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( Fifteen minute read)

If warm words prevented global warming, I wouldn’t be writing this article. 

One would think that after years we would get the message of not dealing with Climate change.

It is happing right in front of our eyes never mind decades or even centuries ahead.

On reflection perhaps the questions on climate should to taken away from Accountants, Politicians,  Governments, GDP,  Science, Technology, or the printing of money, and the verbal diarrhoea of climate summits conferences and made relatable to all us.

If it all goes wrong nobody is asking what sort of world we will have to live in. 


Because day by day it is becoming less clear how sensible management of the planet should be.

Because we must stop its discounting by Countries Governments and corporations for profit.

Because the fact is climate change is now beyond serious dispute but has yet to become part of mainstream discussion.

Because we can not literally stand by and verbal about it till the cows come home. global warming melting the earth - shutterstock


Obliviously in shaping the planet the climate has two elements. 

The Visible and not so Visible. 

The climate debate is now fuelled, not only by controversial policies, and science, but the debate is moving away from the basic science, to the economic and political ramifications.  Both of which are becoming  old, and tired, and increasingly irrelevant, as the impacts of climate change becomes clearer.

Earth’s climate has changed many times but it’s hard to imagine what Earth might look like in 2500 never mind in the next twenty years.

Climate “scepticism” is always underpinned by politics rather than science so many people still assume the costs of climate change are in the future, despite us increasingly seeing the impacts economics and politics are now the principal battlegrounds in the climate debate.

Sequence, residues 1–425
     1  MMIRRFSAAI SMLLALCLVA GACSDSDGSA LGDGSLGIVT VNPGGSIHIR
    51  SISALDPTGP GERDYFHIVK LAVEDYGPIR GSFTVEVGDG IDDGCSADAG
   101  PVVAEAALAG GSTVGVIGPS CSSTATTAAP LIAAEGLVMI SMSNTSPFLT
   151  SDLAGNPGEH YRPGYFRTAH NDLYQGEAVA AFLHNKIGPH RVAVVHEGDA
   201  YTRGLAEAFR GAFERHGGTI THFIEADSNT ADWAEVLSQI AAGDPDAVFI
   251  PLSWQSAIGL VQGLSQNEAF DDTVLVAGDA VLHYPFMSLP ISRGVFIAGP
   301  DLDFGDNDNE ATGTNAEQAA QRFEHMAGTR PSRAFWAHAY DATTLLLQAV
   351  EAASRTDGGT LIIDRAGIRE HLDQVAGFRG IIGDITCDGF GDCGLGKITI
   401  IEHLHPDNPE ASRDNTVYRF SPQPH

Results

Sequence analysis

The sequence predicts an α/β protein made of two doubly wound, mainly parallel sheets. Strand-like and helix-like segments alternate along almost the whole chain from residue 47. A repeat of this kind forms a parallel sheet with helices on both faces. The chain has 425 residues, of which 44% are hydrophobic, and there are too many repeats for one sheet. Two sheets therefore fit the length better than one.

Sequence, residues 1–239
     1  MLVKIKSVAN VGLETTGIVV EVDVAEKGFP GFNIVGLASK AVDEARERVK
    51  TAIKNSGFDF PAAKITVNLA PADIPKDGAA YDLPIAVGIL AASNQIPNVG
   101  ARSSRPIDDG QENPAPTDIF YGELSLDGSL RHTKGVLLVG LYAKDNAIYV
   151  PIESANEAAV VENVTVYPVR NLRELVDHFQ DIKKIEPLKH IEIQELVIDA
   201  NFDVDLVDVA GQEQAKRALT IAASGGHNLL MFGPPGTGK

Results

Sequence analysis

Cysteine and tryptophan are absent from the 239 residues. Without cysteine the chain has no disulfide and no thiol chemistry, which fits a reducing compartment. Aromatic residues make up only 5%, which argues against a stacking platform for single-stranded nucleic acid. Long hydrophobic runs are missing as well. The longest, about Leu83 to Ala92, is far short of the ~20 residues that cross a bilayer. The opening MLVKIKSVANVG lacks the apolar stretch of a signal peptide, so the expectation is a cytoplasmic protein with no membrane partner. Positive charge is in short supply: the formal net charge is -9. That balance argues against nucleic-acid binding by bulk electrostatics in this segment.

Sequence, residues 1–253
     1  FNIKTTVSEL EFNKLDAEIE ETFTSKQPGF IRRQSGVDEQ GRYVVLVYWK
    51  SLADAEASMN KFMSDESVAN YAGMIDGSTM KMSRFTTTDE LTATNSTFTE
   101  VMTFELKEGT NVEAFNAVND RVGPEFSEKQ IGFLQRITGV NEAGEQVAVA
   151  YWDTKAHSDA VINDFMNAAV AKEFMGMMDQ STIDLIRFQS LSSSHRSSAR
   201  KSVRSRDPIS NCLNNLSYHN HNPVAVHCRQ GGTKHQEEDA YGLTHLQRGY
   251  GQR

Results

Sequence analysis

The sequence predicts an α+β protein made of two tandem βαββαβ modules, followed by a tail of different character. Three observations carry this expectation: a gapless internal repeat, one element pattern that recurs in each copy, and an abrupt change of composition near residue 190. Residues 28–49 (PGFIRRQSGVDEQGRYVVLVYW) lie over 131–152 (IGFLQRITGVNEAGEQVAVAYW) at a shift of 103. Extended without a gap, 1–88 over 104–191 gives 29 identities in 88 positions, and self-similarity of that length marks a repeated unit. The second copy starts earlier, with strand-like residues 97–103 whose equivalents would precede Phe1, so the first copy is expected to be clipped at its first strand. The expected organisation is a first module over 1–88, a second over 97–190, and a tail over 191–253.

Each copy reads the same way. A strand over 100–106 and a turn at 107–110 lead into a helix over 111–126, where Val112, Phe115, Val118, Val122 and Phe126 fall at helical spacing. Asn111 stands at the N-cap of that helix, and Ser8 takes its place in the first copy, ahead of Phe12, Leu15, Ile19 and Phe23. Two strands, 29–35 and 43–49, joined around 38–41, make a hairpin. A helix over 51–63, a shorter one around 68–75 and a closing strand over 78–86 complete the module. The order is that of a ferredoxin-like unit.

This puts us in an invidious position.

Science should inform and underpin arguments but just what can we learn from science?

One of the real problems with the climate debate is the way in which climate science is not explained but is ‘refereed’ in the public domain. I still think that 85 percent of us never mind our governments have little understanding or concept of how climate change is going to change the planet and every living organism on it.  

Taking into account limitations to predictability.

Millions of variables—known, unknown, and approximate—as well as billions of calculations, are involved in every forecast, producing informative and fascinating modern computer simulations of the Earth system. 

This is all very well but the point is that the component parts of the Earth system can interact in incredibly fast in complicated ways, and this makes explicit mathematical analysis of the entire problem of climate change impossible.

Science never explicitly proves anything but finds the current best-fitting theory that explains real-world data, and that has led to the current assertion of the validity of the anthropogenic climate-change scientific theory.

Our predictions of what Mother Nature will do next are only possible with real-time imagery from satellites of the surface of the earth, not the unseen knock on effects. 



There are now twice as many days over 50C. Accompanying this rise in temperatures has been a five-fold increase in weather-related disasters over the past 50 years.   

The climate does not need money or the microchip or any of the other things on the list shaping the world. ( See previous postings) 

Bushfire in Queensland, Australia

The situation is bleak.

The Visible. 

Fifty years have passed since the first climate projections, set that distant target at 2100, however we continue to fool ourselves that technology will solve the problems.